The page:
5 biggest myths about getting pregnant

By Kyra Phillips and Dr. Jamie Grifo – Published February 04, 2015

pregnant-woman-with-cravings-eating-olives-from-jar-bj0t41As we began writing this book, The Whole Life Fertility Plan, and started asking patients, colleagues and friends what kind of questions they wanted answered, we realized there are so many myths out there that really need to be debunked. So not only is our book a guide for women and their families to understand what impacts fertility, but it’s a rich resource of truth.

Not only is it important to understand how age is crucial when it comes to eggs, but it is also important to understand how what you put in your body has an effect on conceiving. It’s also crucial to understand what reproductive options exist for those who have trouble making a baby, and how to navigate all of this in order to come up with your own personalized plan to start a family.

Within all this essential information, one must be aware of rumors, myths and truths.

Here are 5 myths you should be aware of as you begin the baby making process:

1. A woman’s weight doesn’t affect fertility.
1 in 8 infertility patients have low body fat or overexercise.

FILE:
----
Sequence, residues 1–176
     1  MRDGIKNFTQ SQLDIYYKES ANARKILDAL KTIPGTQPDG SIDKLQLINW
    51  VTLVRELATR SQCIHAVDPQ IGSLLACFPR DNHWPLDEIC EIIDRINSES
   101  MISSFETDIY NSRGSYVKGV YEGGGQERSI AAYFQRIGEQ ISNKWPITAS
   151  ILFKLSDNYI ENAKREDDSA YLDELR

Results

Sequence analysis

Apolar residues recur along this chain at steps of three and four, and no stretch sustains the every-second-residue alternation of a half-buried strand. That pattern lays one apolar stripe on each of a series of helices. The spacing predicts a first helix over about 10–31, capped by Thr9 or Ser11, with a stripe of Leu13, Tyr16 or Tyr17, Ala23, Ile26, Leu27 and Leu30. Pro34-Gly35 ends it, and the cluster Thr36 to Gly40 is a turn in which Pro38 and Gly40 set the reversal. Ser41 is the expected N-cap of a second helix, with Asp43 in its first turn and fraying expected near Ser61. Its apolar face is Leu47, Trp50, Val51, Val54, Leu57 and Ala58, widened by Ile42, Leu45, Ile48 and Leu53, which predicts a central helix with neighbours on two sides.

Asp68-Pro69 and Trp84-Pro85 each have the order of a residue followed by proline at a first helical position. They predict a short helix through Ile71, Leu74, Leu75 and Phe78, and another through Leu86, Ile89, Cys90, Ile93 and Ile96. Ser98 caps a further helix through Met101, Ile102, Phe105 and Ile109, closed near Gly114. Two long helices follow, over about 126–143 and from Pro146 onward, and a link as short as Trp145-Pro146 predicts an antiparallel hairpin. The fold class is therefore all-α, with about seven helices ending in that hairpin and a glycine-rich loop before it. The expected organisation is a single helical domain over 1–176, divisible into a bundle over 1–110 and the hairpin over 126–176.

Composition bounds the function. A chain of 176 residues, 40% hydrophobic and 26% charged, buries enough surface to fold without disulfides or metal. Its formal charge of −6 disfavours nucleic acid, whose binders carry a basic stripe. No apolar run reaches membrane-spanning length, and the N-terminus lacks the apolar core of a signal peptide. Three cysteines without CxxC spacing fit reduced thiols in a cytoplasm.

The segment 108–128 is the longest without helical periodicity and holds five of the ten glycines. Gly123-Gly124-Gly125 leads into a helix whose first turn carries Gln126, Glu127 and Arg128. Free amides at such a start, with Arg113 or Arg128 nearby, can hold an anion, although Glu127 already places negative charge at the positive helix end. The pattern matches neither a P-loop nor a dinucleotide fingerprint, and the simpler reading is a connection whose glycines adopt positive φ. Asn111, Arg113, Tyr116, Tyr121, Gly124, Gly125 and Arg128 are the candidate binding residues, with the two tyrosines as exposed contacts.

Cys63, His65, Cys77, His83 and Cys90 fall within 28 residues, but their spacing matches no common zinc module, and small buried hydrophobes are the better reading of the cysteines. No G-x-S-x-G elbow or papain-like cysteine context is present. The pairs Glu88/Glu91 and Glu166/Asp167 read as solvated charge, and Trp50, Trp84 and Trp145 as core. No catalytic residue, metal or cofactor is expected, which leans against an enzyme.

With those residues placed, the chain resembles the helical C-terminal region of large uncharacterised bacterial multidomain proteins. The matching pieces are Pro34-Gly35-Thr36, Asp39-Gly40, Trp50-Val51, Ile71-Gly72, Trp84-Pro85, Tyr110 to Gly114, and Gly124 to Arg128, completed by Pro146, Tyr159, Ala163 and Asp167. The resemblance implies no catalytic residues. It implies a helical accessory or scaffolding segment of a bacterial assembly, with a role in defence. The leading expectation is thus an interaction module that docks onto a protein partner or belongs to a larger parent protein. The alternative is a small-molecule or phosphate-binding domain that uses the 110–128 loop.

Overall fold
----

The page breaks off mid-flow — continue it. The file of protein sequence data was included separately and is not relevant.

-1 in 4 infertility patients are overweight.
-If the your BMI (Body Mass Index) is not in proper range, you can stop ovulating.

2. Raising your legs, standing on your head after sex gives you a better chance of getting pregnant.
Sperm are already meeting their destiny by the time you are finished with intercourse. Certain sex positions don’t help your chances either, but keep the Kama Sutra going and have fun! As long as you’re in the right orifice, you are solid.

3. Fatty foods are fine for fertility.
olives cheese-There are good fats and bad fats. Avocado, nuts and olives are great for greasing the biological rails. But bad fats like bagels, pizza, pastries, and anything fried can impact conception. While bacon, sausage and other processed meats are shown to impact sperm, studies are inconclusive when it comes to infertility. Eat plenty of fish instead.

Continue reading